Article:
The Vatican drive for dialogue, Lamdan said, comes from John Paul II himself. When he presented his credentials in September 2000, Lamdan said, John Paul told him that his 1986 visit to Rome’s synagogue, the first by a pope, represented the first “station” along a new path. The second station, the pope said, was the Jubilee Year visit to the Holy Land. It was time, the pope said, to build a third station. Despite the pope’s commitment, however, Lamdan said he detects a sea change in the Vatican’s inter-religious priorities in the direction of Islam. “I do think that in some corporate way some type of decision, possibly a strategic one, has been taken by the Vatican in the last two years to try to redefine the relationship with Islam,” Lamdan said.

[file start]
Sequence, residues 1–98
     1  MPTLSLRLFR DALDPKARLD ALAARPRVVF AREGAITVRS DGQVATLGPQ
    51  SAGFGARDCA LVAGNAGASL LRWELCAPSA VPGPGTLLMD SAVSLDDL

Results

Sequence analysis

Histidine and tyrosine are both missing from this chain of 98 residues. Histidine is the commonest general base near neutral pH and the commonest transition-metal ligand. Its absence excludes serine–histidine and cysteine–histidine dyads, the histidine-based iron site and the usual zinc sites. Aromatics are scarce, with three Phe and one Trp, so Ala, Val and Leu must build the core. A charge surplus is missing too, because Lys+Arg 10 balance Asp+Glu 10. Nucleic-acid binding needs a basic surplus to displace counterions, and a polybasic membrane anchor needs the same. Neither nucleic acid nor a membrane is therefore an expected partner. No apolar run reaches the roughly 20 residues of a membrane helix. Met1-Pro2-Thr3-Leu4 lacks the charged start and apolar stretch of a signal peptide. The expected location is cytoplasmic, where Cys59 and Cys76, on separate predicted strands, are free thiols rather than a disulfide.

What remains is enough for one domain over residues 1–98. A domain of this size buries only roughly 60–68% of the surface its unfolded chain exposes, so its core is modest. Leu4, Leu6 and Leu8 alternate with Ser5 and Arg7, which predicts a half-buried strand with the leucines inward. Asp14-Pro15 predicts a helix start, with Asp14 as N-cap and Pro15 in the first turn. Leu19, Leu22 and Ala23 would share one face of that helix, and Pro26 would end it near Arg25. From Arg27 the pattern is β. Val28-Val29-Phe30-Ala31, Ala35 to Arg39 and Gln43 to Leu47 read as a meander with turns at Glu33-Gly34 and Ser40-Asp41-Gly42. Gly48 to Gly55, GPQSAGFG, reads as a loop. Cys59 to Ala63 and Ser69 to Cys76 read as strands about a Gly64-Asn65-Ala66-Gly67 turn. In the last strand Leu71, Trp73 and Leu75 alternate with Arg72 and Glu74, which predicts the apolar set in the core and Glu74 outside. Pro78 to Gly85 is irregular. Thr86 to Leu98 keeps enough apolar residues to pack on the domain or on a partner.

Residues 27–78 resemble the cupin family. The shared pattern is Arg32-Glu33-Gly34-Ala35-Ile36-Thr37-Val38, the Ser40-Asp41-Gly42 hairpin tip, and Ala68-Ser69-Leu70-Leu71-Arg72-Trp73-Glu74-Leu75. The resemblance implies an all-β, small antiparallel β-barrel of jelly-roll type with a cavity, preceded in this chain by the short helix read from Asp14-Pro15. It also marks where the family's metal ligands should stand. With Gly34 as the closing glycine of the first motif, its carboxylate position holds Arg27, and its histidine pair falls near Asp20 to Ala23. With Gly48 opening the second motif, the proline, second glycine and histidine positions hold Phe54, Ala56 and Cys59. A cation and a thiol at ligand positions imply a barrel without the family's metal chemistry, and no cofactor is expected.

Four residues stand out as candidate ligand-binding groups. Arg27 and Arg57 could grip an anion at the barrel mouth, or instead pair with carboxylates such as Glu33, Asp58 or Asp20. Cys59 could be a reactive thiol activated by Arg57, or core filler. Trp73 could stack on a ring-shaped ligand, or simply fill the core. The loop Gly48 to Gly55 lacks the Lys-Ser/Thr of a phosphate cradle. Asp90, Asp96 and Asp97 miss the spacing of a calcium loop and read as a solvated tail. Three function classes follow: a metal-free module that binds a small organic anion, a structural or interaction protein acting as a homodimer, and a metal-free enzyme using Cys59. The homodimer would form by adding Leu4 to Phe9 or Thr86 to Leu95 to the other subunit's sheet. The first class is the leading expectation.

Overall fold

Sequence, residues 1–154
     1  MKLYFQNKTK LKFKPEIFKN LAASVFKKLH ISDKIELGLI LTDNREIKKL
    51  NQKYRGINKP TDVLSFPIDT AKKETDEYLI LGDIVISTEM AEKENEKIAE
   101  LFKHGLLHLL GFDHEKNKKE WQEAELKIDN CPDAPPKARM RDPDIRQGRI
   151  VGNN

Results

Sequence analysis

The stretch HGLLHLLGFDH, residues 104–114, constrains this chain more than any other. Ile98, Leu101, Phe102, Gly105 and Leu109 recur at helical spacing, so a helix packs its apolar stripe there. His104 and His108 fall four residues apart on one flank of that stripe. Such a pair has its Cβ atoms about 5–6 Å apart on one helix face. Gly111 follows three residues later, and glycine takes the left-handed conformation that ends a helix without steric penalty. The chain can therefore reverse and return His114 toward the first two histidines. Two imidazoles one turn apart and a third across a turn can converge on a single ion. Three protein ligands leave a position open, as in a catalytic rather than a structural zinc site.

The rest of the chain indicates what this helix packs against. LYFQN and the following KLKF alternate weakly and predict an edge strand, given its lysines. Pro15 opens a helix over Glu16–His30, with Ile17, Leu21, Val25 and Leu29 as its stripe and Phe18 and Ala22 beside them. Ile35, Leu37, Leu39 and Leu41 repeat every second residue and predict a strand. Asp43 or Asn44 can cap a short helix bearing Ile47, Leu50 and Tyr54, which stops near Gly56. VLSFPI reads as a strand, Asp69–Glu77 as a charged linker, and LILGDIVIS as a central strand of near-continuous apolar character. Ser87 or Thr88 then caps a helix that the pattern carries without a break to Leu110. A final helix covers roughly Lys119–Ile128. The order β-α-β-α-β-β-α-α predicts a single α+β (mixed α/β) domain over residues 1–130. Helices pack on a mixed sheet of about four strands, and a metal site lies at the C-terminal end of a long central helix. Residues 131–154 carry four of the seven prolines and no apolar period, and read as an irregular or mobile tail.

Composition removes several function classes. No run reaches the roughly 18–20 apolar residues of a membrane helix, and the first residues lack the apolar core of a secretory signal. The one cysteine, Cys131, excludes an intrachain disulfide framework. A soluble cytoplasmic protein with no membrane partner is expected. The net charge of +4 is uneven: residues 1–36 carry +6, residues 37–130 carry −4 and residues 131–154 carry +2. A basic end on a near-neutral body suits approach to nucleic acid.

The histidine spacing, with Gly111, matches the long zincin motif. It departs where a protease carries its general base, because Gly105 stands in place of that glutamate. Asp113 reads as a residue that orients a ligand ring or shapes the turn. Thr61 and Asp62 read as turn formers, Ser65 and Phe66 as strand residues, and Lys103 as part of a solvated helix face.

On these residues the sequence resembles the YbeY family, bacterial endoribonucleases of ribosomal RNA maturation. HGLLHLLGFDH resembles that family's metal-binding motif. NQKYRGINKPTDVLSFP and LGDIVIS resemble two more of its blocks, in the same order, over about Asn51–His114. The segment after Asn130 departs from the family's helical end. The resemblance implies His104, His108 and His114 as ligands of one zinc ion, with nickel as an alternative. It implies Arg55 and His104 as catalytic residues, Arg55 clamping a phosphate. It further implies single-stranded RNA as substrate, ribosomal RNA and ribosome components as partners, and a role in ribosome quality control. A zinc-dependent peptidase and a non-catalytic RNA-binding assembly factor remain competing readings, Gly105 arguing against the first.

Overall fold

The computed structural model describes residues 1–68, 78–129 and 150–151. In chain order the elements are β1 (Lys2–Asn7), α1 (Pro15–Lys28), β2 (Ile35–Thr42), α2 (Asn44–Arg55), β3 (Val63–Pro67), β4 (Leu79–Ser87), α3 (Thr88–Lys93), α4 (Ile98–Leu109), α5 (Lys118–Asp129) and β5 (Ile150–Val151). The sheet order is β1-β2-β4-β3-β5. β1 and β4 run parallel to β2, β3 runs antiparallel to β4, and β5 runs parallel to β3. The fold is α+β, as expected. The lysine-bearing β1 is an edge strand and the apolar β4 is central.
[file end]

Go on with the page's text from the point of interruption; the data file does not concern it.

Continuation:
The interview also includes a lengthy dissection of the April 2002 standoff at the Church of the Nativity in Bethlehem.